(Al Behrman / AP)

Andy Dalton is going to be paid — in a very big way — by the Cincinnati Bengals.

The quarterback, who was entering the last year of his rookie contract, and the team have reached agreement on a six-year contract extension worth $115 million, according to ESPN’s Adam Schefter. It isn’t yet clear how much is guaranteed or whether this is the kind of pay-as-you-go deal Colin Kaepernick got in San Francisco.

Albert Breer of the NFL Network reports that the contract is for $96 million over six years, with $19 million coming from incentives.

Dalton has been a solid regular-season starter for the Bengals, a team that traditionally wilts come playoff time. Even before his gaudy new extension, Dalton was facing pressure to raise his game with an 0-3 postseason record. Grantland’s Bill Barnwell broke down Dalton’s strengths and weaknesses, which are exposed by big blitzes, in determining whether he deserves a big new contract. He is bound to be helped by a shift from Jay Gruden to Hue Jackson at offensive coordinator:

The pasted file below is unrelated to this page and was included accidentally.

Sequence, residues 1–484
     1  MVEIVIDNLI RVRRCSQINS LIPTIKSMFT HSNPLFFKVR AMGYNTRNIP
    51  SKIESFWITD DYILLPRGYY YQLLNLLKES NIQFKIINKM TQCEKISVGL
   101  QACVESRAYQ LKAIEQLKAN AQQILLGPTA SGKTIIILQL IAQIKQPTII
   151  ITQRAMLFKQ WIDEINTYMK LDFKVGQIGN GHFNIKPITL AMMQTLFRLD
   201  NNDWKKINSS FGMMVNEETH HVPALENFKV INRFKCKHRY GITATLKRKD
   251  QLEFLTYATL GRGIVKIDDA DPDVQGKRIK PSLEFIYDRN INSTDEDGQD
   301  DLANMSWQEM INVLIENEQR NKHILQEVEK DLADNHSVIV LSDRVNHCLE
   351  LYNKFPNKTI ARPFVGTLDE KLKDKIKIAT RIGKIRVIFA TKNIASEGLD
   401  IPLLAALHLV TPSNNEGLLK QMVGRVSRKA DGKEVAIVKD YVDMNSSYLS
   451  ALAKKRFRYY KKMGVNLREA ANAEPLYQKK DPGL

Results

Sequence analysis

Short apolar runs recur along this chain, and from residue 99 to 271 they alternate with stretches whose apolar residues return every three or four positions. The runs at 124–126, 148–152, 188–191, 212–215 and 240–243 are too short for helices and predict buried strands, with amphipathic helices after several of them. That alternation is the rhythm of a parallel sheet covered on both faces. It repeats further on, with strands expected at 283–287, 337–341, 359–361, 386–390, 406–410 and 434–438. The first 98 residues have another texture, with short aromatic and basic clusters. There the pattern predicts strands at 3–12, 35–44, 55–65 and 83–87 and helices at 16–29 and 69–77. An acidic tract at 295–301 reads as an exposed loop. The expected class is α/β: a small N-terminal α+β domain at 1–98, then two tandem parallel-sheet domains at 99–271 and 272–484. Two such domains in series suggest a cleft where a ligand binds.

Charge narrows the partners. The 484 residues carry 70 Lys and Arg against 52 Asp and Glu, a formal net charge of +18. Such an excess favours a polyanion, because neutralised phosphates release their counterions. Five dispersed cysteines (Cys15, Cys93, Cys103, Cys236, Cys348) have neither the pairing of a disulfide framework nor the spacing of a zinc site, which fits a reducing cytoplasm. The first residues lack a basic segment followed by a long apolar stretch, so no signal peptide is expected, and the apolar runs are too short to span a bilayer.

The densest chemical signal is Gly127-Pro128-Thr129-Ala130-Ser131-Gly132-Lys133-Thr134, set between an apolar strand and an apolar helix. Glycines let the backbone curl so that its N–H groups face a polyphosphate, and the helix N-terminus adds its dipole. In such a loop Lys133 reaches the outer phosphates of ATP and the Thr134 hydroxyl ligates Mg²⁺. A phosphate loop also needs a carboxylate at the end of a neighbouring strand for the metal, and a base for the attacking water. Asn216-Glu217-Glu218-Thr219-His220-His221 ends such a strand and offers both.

It’s hard to say whether it’s even possible for Dalton to improve. Handling the pass rush could be an innate thing, or something you have to learn at the NCAA level before having any hope of doing so at NFL speed. We don’t have enough data to provide examples of guys who struggled with blitzes at the beginning of their careers before rapidly improving, and anecdotal examples aren’t coming to mind. It’s easier to think of players like David Carr and Patrick Ramsey, passers who were hit so many times at the beginning of their careers that they seemed to get contact-shy and never got back on track. Dalton will have a new offensive coordinator this offseason in Jackson, who will shift Gruden’s version of the West Coast offense into a more run-oriented scheme. That could help keep Dalton out of obvious passing situations, but the switch also makes it more likely Dalton will line up under center and take more traditional dropbacks, from which it’s harder to see the field and make the sort of quick passes that eliminate the possibility of pressure. In any case, after three seasons at the helm, there’s no Dalton excuse that will satisfy his critics. Nothing short of a playoff win will justify a big new contract for Dalton in Cincinnati. And that playoff win is going to be hard to come by unless Dalton can handle the rush.